BRACERO: We have 65 percent unplanned pregnancies compared to 50 percent in the States.
BEAUBIEN: Under Obamacare, many Puerto Ricans have access to contraception, but this new initiative offers birth control for free to any woman who wants it. It launched last month, and Bracero says the contraceptives are now available at OB-GYNs' offices all across the island.
And a key part of it is that doctors are not just handing out condoms and birth control pills, which Bracero calls low efficiency, low compliant methods. The program is offering women more expensive, long-lasting implants and IUDs in addition to pills or condoms. He says the goal is...
BRACERO: Trying to empower women who do not want to conceive because they just don't want to or because they are afraid of conceiving with a Zika threat that there is a capacity to have access to better and improve methods of contraception.
BEAUBIEN: Dr. Ednise Roman, an OB-GYN in San Juan says Zika has changed her practice dramatically. She says Zika is one of the first things women who are trying to get pregnant want to talk about. And Dr. Roman says increasing access to free birth control here especially in the midst of this outbreak is a really good idea.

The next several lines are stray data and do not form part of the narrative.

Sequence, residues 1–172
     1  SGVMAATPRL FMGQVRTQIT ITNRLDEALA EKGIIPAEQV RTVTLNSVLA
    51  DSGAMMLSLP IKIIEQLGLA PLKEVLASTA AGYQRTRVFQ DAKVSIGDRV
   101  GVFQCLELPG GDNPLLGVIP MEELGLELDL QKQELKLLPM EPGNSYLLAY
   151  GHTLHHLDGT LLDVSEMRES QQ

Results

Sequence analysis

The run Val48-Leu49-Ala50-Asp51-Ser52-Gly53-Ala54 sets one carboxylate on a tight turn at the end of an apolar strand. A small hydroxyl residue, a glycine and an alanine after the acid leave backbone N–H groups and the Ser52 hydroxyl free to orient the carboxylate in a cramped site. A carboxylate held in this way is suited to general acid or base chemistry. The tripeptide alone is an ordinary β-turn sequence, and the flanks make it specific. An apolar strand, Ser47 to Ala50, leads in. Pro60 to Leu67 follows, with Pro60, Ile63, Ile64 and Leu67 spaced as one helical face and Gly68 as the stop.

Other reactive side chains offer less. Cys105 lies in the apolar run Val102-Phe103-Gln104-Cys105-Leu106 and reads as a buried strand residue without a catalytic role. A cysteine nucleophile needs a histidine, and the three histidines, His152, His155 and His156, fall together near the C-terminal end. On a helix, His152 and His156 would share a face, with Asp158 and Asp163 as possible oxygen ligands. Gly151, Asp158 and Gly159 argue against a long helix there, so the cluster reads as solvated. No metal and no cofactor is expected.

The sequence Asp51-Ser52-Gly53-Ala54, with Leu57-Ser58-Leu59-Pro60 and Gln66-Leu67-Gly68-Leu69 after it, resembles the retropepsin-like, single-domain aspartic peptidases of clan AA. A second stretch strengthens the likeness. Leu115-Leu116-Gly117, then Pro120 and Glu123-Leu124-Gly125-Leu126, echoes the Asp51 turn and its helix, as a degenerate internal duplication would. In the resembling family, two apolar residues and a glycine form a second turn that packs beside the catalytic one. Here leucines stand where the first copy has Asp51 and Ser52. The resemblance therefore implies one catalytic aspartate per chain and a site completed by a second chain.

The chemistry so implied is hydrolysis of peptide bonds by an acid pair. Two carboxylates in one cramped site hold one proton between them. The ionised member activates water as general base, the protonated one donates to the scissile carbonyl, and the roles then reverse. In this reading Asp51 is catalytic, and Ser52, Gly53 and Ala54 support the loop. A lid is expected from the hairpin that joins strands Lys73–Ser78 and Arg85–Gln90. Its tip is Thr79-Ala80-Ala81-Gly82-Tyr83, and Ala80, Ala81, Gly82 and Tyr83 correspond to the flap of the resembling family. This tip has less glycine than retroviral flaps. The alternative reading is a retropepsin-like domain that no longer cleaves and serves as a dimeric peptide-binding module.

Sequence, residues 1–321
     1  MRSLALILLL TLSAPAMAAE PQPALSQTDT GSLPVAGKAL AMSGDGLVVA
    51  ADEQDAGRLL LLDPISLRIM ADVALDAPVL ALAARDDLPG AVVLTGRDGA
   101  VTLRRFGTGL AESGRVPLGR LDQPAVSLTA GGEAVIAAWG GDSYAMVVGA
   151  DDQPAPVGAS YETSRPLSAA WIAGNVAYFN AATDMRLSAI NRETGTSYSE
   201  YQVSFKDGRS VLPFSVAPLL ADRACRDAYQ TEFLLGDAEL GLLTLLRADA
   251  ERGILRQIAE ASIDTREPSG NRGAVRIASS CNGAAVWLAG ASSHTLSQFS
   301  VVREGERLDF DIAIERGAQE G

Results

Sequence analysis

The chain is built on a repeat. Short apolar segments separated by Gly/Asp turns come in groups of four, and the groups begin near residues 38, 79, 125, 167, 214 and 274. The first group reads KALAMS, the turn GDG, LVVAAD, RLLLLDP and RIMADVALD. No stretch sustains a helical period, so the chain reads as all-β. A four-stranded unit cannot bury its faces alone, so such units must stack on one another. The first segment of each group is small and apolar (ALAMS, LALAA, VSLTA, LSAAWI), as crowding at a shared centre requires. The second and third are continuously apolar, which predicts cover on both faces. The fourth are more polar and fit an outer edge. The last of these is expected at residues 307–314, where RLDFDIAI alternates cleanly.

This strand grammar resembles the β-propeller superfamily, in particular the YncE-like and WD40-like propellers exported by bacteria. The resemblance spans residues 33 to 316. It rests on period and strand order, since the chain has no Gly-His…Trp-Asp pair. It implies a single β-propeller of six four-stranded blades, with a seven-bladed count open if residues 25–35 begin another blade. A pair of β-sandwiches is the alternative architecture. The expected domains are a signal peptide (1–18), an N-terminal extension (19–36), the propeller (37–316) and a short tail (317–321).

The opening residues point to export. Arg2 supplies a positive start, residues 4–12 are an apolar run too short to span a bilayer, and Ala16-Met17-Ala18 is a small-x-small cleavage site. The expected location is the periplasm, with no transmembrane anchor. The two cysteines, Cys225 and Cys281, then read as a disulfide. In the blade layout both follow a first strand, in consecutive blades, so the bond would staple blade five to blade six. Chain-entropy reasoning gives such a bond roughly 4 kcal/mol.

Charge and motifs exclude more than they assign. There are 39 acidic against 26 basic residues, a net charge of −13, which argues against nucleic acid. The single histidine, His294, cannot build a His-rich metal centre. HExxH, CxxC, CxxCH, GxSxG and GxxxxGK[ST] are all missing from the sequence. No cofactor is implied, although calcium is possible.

EDNISE ROMAN: I don't know. Here in Puerto Rico, contraception - I don't know why it's difficult in terms of you can get condoms everywhere. But people don't want to buy them, they want to have it for free...
BEAUBIEN: She says all she can offer her patients right now around Zika are preventative measures. There's no treatment, no vaccine, no magic bullet to keep from getting it. She encourages women who are pregnant or want to get pregnant to use insect repellent and avoid mosquitoes. But she says also delaying pregnancy is a precaution that should be available right now to all Puerto Rican women. Jason Beaubien, NPR News, San Juan. Transcript provided by NPR, Copyright NPR.